Ray's Daughter: A Story of Manila

Ray's Daughter: A Story of Manila

by Charles King


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Product Details

ISBN-13: 9781985189119
Publisher: CreateSpace Publishing
Publication date: 02/08/2018
Pages: 118
Product dimensions: 6.00(w) x 9.00(h) x 0.25(d)

About the Author

Born in New York capital, Albany, King was the son of Civil War general Rufus King, grandson of Columbia University president Charles King, and great grandson of Rufus King, who was one the signers of the United States Constitution on September 17, 1787, in Philadelphia. He graduated from West Point in 1866 and served in the Army during the Indian Wars under George Crook. He was wounded in the arm and head during the Battle of Sunset Pass forcing his retirement from the regular army as a captain in 1879. During this time he became acquainted with Buffalo Bill Cody. King would later write scripts for several of Cody's silents films. He also served in the Wisconsin National Guard from 1882 until 1897, becoming Adjutant General in 1895.

Read an Excerpt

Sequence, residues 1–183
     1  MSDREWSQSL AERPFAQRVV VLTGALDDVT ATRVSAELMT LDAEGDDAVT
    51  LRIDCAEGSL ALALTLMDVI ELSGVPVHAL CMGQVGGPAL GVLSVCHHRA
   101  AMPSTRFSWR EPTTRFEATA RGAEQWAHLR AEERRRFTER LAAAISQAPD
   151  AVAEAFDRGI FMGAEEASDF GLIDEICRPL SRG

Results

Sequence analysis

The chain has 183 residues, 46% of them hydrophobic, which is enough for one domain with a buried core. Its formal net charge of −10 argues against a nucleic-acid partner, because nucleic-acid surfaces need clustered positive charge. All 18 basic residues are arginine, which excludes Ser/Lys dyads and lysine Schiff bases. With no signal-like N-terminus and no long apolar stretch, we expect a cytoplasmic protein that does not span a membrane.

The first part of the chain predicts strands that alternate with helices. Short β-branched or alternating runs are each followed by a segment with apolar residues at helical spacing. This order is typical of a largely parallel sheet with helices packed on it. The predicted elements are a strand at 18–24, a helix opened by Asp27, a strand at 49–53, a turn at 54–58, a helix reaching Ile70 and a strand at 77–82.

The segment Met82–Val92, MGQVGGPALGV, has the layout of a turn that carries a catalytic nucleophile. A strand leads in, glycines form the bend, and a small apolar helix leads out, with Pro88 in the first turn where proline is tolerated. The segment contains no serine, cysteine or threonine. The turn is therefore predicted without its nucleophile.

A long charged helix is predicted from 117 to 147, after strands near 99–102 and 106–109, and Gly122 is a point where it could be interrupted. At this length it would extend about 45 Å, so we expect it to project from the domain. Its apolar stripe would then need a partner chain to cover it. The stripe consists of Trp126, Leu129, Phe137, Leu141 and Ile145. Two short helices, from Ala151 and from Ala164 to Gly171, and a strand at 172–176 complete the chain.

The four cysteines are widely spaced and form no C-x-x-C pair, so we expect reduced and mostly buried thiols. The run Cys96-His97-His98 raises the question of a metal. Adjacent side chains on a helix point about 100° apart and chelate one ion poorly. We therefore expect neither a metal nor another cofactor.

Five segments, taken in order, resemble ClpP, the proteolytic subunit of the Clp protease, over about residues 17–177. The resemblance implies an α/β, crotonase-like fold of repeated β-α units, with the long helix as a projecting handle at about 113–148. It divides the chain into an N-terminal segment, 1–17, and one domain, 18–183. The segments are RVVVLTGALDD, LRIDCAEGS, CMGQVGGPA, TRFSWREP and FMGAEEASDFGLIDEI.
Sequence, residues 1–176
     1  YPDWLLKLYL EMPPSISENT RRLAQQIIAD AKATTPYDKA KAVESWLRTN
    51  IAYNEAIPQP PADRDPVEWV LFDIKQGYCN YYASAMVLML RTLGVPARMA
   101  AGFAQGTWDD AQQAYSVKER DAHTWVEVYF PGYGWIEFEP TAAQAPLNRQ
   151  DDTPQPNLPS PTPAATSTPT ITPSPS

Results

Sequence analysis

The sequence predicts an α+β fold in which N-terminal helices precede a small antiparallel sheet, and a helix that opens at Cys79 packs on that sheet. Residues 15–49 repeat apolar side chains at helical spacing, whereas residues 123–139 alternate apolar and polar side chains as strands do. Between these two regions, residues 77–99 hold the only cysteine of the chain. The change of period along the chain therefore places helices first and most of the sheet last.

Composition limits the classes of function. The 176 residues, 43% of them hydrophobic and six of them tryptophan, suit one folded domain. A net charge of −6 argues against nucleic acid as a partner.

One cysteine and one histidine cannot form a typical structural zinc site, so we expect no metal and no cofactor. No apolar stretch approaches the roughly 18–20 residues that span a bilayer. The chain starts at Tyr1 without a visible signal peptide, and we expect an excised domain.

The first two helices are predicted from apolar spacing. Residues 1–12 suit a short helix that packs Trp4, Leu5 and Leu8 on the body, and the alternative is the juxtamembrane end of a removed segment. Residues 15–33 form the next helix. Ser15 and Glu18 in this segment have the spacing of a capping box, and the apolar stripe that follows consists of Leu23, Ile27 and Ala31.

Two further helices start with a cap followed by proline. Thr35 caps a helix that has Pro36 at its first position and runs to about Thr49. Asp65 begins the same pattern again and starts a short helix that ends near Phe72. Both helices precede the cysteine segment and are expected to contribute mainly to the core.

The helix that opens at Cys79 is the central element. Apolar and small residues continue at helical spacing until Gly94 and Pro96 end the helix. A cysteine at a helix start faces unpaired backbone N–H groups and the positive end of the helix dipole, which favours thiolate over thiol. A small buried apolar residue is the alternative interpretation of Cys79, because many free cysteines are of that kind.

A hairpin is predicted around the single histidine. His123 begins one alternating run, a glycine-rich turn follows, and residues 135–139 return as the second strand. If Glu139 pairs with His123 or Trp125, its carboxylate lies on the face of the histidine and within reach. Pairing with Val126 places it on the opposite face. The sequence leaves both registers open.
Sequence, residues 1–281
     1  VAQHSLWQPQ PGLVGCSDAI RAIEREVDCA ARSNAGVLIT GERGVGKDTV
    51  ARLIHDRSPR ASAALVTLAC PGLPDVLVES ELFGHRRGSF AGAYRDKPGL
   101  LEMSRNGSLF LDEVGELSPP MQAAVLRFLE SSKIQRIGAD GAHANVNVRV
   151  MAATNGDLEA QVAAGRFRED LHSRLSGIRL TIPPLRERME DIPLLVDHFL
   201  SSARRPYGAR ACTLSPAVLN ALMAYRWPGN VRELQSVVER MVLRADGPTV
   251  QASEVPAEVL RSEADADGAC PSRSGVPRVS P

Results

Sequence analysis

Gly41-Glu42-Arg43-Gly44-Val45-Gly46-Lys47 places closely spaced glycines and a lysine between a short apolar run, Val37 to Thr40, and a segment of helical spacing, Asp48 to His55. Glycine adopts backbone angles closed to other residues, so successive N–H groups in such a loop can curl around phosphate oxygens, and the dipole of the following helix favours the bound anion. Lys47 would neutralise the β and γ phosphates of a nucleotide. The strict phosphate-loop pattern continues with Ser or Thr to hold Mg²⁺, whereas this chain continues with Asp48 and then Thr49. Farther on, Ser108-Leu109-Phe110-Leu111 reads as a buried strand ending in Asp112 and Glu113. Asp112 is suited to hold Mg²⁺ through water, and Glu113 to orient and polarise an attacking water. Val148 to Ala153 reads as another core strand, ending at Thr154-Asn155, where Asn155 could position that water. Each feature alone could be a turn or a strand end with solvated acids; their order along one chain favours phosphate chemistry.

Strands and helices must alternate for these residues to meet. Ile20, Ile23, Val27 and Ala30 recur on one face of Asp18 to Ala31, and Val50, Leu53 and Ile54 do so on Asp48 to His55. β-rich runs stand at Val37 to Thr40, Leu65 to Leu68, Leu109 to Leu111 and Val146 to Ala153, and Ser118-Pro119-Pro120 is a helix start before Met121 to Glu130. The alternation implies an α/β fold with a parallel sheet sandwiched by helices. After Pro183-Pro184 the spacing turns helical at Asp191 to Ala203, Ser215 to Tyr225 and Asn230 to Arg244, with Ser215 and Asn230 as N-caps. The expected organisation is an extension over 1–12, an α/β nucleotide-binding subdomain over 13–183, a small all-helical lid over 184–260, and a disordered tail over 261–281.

CHAPTER III. At one of the desert stations in the Humboldt Valley a physician boarded the train under telegraphic orders from the company and went some distance up the road. He had brought lint and bandages and soothing lotions, but in several cases said no change was advisable, that with handkerchiefs contributed by the passengers and bandages made from surplus shirts, little Miss Ray had extemporized well and had skilfully treated her bewildered patients. Questioned and complimented both, Miss Ray blushingly admitted that she had studied " First Aid to the Wounded" and had had some instructions in the post hospitals of more than one big frontier fort. Passengers had ransacked bags and trunks and presented spare clothing to the few recruits whom the garments would fit. But most of the men were shoeless and blanketed when morning dawned, and all were thankful when served with coffee and a light breakfast, though many even then were too much excited and some in too much pain to eat. Mellen, the laughing and joyous lad of yesterday, was nursing a blistered hand and arm and stalking about the car in stocking feet and a pair of trousers two sizes too big for him. Murray, now that the corporal was no longer able to retain active command, had resumed his truculent and swaggering manner. Almost the first thing he did was to demand more money of Foster, and call him a liar when told that every dollar was burned. Then he sought to pick a fight with Hunt, who had, as he expressed it, " roped him like a steer," but the carload by this time had had too much of his bluster and made common cause against him. Two brawny lads gave him fair warning that if he laid a finger on Hunt they would " layhim out." Then he insisted on seeing the corporal and complaining of ill-treatment. And ...

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